Could this new black illuminate the words of Jesus Christ (around AD 30) - words recorded in the first-century biography written by Luke?
He was trying to make abundantly clear the supreme importance of light. The light of which he spoke was, for sure, highly visible. He said that no one with a light would think of hiding it. So the light was there for all to see. What was it?
He then says, somewhat cryptically, “your eye is the lamp of your body.” Did he intend to draw attentuion to the fact that it is what a person sees that enlightens that person – that illuminates him or her inside?
That seems to be the case because he expands on this. “When your eye is uncorrupted, your whole body is full of light, but when it is evil, your body is full of blackness.” This raises some difficulties. What does it mean to have uncorrupted eyes? What does it mean to have evil eyes? The former results in one’s whole body being full of light. The latter results in one’s whole body being full of darkness – full of black.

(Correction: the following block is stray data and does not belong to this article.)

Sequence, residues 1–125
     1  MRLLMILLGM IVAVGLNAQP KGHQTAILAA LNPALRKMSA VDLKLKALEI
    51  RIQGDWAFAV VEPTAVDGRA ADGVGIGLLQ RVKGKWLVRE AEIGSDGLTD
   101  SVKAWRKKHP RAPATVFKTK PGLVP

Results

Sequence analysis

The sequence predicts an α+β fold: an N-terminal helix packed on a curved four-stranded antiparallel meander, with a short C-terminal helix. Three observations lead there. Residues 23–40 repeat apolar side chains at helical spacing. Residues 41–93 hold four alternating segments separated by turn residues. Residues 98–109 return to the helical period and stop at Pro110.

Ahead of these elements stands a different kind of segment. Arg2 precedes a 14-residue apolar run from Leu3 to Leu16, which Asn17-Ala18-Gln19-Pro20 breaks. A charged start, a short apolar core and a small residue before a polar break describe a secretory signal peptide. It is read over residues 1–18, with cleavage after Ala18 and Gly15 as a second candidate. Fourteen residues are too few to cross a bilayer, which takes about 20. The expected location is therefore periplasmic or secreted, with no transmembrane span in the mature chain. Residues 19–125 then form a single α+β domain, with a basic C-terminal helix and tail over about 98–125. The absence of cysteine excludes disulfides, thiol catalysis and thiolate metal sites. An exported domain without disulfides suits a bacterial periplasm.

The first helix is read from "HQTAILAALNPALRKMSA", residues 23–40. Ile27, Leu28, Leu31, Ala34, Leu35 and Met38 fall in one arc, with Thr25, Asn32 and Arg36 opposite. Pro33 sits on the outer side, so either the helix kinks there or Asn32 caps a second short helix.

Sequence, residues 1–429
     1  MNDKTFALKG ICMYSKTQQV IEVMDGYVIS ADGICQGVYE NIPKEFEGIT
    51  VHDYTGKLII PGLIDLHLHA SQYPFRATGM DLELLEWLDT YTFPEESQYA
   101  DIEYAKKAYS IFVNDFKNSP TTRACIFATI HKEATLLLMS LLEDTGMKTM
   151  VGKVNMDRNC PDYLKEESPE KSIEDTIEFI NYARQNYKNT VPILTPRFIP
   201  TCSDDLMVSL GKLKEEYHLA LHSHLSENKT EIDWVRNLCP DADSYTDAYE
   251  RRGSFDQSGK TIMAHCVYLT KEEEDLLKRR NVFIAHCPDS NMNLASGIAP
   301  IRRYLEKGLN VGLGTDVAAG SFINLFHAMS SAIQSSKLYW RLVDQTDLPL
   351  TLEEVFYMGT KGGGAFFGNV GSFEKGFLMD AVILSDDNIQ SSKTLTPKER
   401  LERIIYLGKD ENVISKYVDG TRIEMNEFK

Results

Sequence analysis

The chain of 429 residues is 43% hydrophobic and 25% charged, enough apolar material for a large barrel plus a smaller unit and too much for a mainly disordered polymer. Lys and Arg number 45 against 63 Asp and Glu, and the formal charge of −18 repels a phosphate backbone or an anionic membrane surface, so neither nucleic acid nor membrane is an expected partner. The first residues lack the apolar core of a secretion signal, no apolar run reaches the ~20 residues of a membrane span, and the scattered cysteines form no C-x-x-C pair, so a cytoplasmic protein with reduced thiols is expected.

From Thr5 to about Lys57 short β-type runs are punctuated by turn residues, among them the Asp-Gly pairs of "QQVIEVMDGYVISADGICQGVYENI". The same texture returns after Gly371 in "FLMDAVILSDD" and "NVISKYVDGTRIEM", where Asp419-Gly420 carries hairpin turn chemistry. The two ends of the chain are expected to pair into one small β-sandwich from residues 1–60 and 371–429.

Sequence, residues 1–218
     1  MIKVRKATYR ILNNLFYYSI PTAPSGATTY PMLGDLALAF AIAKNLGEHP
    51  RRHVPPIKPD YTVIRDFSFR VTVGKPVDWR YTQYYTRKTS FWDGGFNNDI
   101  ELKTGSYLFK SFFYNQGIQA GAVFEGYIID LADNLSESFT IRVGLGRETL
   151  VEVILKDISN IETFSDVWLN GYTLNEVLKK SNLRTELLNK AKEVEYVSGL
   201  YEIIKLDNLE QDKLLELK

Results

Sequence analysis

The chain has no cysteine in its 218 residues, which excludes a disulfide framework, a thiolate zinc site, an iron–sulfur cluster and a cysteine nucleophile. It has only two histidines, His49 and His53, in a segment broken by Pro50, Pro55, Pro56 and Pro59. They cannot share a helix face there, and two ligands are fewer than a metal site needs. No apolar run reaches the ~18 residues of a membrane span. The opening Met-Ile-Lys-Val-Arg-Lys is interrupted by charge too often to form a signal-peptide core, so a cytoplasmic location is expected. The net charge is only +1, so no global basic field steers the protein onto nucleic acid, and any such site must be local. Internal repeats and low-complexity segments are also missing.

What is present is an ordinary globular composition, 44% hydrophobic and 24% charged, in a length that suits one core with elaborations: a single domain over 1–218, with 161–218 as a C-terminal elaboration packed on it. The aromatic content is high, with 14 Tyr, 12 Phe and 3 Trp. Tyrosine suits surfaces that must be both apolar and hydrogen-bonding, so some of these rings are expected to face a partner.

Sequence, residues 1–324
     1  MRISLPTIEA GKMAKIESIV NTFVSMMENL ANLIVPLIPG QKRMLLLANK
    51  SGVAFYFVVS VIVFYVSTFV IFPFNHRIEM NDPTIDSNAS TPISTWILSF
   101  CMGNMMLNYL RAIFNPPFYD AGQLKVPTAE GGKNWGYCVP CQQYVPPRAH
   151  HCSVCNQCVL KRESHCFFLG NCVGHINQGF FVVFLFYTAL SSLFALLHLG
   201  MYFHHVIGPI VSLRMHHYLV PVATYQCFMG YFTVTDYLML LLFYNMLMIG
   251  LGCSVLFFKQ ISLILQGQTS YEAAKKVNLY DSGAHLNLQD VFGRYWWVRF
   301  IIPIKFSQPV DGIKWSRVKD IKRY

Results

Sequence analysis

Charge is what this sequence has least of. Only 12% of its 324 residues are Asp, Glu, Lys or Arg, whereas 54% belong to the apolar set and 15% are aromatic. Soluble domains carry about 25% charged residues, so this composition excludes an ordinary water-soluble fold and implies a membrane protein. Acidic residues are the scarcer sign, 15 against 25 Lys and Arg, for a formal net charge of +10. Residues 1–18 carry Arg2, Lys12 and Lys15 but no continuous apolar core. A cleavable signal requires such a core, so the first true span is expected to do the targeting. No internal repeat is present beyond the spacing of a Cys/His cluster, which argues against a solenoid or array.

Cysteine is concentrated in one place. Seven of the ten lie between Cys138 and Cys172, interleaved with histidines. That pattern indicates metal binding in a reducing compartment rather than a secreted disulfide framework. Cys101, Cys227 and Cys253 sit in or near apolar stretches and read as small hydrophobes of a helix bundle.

Jesus was addressing the crowds – all of Jersey, as it were. He uses the imperative tense of the verb “to look”. His command to the crowd is that they now look. Why? It seems that a failure to look will have very serious consequences – pitch black consequences. He says, “Look! Lest the light in you be Vantablack.” The light inside you is Vantablack….pitch black.
Look at what? The crowds are mandated to look with their eyes – to perceive – because unless they do no light will come into their bodies. But what are they tolook at? What are they to see?
Going back a step – they are to see the light which is on a stand – which is there for all to see – there in clear sight, nothing hidden…..